• Sat. Oct 1st, 2022

Philippine Economic Growth Slows to 7.4% as Inflation Bites

ByBloomberg News

Aug 8, 2022
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The Philippines’ economic expansion was slower-than-expected in the second quarter as the fastest inflation in almost four years hurt consumption, which is a key growth driver.

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(Bloomberg) — The Philippines’ economic expansion was slower-than-expected in the second quarter as the fastest inflation in almost four years hurt consumption, which is a key growth driver.

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Gross domestic product grew 7.4% in the three months through June from a year ago, the Philippine Statistics Authority said Tuesday, slowing from 8.2% in the first quarter and compares with an 8.4% median estimate in a Bloomberg survey. 

“The global headwinds, particularly imported inflation, particularly on energy and food contributed to noticeable slowdown,” Economic Planning Secretary Arsenio Balisacan said at a briefing in Manila.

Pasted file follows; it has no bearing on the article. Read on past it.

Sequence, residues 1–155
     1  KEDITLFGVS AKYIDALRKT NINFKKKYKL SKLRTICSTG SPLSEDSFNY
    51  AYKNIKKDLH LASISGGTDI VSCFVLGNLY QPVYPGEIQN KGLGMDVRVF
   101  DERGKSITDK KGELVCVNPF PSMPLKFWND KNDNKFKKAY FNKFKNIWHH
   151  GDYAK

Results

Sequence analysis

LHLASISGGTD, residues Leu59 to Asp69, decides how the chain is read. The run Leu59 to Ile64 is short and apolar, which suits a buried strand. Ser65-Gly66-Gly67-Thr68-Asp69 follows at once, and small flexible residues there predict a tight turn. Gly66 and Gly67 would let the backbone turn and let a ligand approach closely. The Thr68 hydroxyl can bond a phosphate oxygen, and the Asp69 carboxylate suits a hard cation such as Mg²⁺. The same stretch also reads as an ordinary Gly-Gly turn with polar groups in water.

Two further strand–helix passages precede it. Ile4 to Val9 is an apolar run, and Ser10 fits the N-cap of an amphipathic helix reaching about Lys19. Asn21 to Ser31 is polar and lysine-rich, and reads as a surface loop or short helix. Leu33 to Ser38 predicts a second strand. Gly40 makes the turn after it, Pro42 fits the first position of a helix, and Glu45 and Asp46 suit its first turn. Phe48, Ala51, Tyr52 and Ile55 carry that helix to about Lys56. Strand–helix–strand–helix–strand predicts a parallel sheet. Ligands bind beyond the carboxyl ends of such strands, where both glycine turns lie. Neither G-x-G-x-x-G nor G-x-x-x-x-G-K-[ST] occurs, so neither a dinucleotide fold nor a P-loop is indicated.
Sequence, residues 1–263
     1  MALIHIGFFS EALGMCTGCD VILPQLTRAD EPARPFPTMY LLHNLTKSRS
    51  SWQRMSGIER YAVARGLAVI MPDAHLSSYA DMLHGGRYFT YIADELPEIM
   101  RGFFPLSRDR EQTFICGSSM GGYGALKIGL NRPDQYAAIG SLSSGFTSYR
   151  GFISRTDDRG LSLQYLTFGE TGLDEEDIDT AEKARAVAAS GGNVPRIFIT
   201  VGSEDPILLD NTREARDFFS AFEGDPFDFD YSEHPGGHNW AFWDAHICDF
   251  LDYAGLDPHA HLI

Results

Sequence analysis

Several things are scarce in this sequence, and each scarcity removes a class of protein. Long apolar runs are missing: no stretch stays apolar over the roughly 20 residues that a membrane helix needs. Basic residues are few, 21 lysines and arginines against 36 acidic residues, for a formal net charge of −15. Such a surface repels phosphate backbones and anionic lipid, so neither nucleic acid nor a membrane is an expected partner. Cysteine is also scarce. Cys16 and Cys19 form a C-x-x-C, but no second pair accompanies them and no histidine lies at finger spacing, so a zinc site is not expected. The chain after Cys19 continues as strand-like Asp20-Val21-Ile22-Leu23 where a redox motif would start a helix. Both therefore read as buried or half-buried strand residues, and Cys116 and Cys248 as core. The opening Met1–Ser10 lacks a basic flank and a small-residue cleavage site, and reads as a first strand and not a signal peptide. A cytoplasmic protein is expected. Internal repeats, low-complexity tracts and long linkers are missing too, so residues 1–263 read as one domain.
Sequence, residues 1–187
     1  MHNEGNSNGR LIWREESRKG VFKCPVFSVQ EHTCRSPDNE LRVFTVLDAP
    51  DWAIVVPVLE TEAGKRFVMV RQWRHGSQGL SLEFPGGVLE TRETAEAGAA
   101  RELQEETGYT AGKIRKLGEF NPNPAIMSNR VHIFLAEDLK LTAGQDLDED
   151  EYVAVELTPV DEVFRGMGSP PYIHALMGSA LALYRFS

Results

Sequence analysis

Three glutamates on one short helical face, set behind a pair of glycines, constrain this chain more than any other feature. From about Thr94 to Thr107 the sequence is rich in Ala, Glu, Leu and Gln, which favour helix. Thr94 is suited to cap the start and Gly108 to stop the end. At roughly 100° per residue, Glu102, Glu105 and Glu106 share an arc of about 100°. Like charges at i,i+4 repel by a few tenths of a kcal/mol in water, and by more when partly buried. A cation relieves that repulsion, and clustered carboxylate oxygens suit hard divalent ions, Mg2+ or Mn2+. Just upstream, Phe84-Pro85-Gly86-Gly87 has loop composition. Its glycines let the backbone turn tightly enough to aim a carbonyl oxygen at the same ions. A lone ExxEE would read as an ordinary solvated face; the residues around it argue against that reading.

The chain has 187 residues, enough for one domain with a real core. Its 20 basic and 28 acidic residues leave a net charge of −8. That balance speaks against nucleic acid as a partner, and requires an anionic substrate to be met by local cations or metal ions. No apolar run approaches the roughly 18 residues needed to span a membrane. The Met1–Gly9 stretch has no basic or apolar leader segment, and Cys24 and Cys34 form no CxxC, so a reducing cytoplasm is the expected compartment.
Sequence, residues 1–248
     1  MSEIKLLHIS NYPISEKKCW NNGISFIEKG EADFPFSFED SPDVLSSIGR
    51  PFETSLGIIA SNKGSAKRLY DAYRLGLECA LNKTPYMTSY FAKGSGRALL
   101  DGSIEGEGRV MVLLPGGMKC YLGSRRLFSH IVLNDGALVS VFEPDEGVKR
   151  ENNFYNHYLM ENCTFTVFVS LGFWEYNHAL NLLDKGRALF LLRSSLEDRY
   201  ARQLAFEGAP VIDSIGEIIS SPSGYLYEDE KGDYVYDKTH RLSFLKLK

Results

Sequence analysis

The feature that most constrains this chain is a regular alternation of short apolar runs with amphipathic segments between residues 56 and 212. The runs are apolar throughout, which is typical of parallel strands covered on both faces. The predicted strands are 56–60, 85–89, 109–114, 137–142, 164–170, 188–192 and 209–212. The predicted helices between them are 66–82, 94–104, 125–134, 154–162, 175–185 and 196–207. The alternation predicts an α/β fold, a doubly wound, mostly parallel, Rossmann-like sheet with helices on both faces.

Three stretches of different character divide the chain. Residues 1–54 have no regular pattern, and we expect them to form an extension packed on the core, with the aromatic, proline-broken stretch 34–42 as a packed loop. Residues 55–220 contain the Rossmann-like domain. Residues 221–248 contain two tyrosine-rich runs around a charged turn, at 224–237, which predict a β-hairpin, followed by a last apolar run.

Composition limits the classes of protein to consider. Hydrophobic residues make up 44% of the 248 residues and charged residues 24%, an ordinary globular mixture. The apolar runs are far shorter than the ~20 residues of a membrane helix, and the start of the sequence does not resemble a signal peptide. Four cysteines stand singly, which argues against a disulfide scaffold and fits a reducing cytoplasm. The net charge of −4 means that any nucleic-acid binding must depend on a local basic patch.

Output shrank 0.1% from the previous quarter versus a median estimate of 0.4% gain, falling for the first time in a year. Household spending contracted by 2.7% last quarter from the January-March period. Inflation in the second quarter exceeded the central bank’s 2%-4% target and climbed to 6.4% in July, the fastest since October 2018.

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While the second-quarter performance is in line with officials’ forecast for at least 6.5% growth this year, Balisacan said, the expansion in the second half may be slower than the first semester.

The latest GDP print may convince the central bank to slow its policy rate tightening aimed at cooling inflation. Central bank Governor Felipe Medalla had flagged either a quarter- or half-point key rate hike on Aug. 18, and possibly more for the remainder of the year.

The Philippine peso fell 0.1% in early trading Tuesday, while the benchmark stock index was down as much as 0.4%.

“Inflation remains the key consideration over growth,” said Jonathan Koh, economist at Standard Chartered Plc. While the latest number “may lead to some paring back of a 50 basis points hike expectation,” Koh said he still sees a half-point increase this month. 

(Updates with more details throughout.)



Image and article originally from financialpost.com. Read the original article here.